## Abstract

Although the instability of the thermohaline circulation has been widely observed in numerical ocean models, theoretical advances have been hindered by the nonlinearity of heat and salt transports, a circulation governed by lateral temperature, and salinity gradients. Because the instability occurs initially in polar waters through the formation of haloclines and the halt of convection, any explanatory model must have at least a surface and a deep layer. The model proposed here (two surface boxes above a deep one) reduces to a 2 degrees-of-freedom dynamical system when convection is active and 3 degrees when it is interrupted. The instability that is induced by a negative freshwater perturbation in polar waters has three stages. The first stage is a rapid 5-yr adjustment to a transient thermal attractor that results from an approximate balance between heat advection and air–sea heat fluxes. The second stage is a slow evolution that self-organizes near this attractor, which preconditions the instability, as it can be shown that the circulation becomes more sensitive to changes in salinity gradients than in temperature gradients. The slow *O*(100 yr) growth of salinity in the subtropics is the critical precursor of the instability while at the same time the subpolar salinity rises against the initial perturbation to stabilize the system by increasing the overturning and restoring convection. When the overturning becomes smaller than the value at the unstable fixed point, the third stage occurs, which is when the subpolar salinity decreases at last on a fast *O*(10 yr) time scale, precipitating the fall of the overturning. During the last two stages of the instability, the horizontal thermal gradient increases, but its stabilizing effect is just barely unable to prevent the outcome. The return to stability occurs frequently through a regime of multidecadal oscillations with intermittent convection. The hypothesis of mixed boundary conditions has been relaxed by coupling the ocean box model to an atmospheric energy balance model to show that the coupling increases the stability of the oceanic circulation; however, the precursors of the instability are unchanged.

## Abstract

The interaction of internal waves with geostrophic flows is found to be strongly dependent upon the background stratification. Under the traditional approximation of neglecting the horizontal component of the earth’s rotation vector, the well-known inertial and symmetric instabilities highlight the asymmetry between positive and negative vertical components of relative vorticity (horizontal shear) of the mean flow, the former being stable. This is a strong stratification limit but, if it becomes too low, the traditional approximation cannot be made and the Coriolis terms caused by the earth’s rotation vector must be kept in full. A new asymmetry then appears between positive and negative horizontal components of relative vorticity (vertical shear) of the mean flow, the latter becoming more unstable. Particularly conspicuous at low latitudes, this new asymmetry does not require vanishing stratification to occur as it operates readily for rotation/stratification ratios 2Ω/*N* as small as 0.25 (the stratification still dominates over rotation) for realistic vertical shears. Given that such ratios are easily found in ocean–atmosphere boundary layers or in the deep ocean, such ageostrophic instabilities may be important for the routes to dissipation of the energy of the large-scale motions. The energetics show that, depending on the orientation of the internal wave crests with respect to the mean isopycnal surfaces, the unstable motions can draw their energy either from the kinetic energy or from the available potential energy of the mean flow. The kinetic energy source is usually the leading contribution when the growth rates reach their maxima.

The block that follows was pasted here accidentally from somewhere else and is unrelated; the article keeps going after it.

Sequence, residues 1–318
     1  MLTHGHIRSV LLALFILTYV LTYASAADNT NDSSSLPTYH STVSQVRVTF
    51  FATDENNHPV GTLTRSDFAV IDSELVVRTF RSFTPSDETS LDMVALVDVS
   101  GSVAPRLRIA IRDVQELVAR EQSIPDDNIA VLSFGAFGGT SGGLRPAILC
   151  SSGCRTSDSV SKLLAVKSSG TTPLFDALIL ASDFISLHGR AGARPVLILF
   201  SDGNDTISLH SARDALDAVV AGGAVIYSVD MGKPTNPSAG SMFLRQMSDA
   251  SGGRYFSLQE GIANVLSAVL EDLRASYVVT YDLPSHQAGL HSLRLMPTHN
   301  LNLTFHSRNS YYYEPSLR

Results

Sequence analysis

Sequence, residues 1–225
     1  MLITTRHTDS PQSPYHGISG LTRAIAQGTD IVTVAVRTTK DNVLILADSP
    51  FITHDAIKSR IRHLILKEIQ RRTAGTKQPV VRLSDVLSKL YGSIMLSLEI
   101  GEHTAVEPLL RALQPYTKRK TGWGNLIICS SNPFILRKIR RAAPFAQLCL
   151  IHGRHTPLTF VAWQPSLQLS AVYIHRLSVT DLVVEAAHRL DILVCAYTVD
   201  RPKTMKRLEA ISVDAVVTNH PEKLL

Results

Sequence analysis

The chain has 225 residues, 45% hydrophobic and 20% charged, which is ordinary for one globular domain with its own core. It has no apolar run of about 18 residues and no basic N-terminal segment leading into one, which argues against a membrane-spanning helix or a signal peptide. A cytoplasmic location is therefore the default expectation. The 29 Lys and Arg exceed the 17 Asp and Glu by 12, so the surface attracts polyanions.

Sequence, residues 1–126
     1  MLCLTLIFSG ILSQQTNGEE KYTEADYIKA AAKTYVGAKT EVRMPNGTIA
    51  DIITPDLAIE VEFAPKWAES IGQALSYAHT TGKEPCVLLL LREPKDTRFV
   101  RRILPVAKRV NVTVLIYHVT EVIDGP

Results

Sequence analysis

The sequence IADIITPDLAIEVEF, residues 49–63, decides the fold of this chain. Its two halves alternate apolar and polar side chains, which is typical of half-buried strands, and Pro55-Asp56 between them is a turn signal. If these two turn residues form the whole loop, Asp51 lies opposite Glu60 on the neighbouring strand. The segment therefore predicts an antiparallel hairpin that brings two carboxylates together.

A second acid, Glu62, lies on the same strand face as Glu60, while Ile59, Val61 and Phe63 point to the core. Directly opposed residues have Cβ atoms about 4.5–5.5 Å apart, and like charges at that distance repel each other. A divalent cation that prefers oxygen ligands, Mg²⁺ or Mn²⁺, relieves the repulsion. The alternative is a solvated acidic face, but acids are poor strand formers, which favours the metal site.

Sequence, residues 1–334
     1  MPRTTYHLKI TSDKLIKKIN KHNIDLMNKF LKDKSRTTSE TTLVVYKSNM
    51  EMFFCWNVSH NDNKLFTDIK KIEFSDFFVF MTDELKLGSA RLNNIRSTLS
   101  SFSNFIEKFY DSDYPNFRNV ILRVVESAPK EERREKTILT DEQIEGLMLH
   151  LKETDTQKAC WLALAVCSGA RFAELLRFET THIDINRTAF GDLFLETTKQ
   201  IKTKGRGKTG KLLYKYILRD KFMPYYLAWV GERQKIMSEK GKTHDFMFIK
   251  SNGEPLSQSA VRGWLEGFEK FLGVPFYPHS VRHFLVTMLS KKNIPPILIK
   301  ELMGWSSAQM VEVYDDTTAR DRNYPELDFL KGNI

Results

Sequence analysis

## Abstract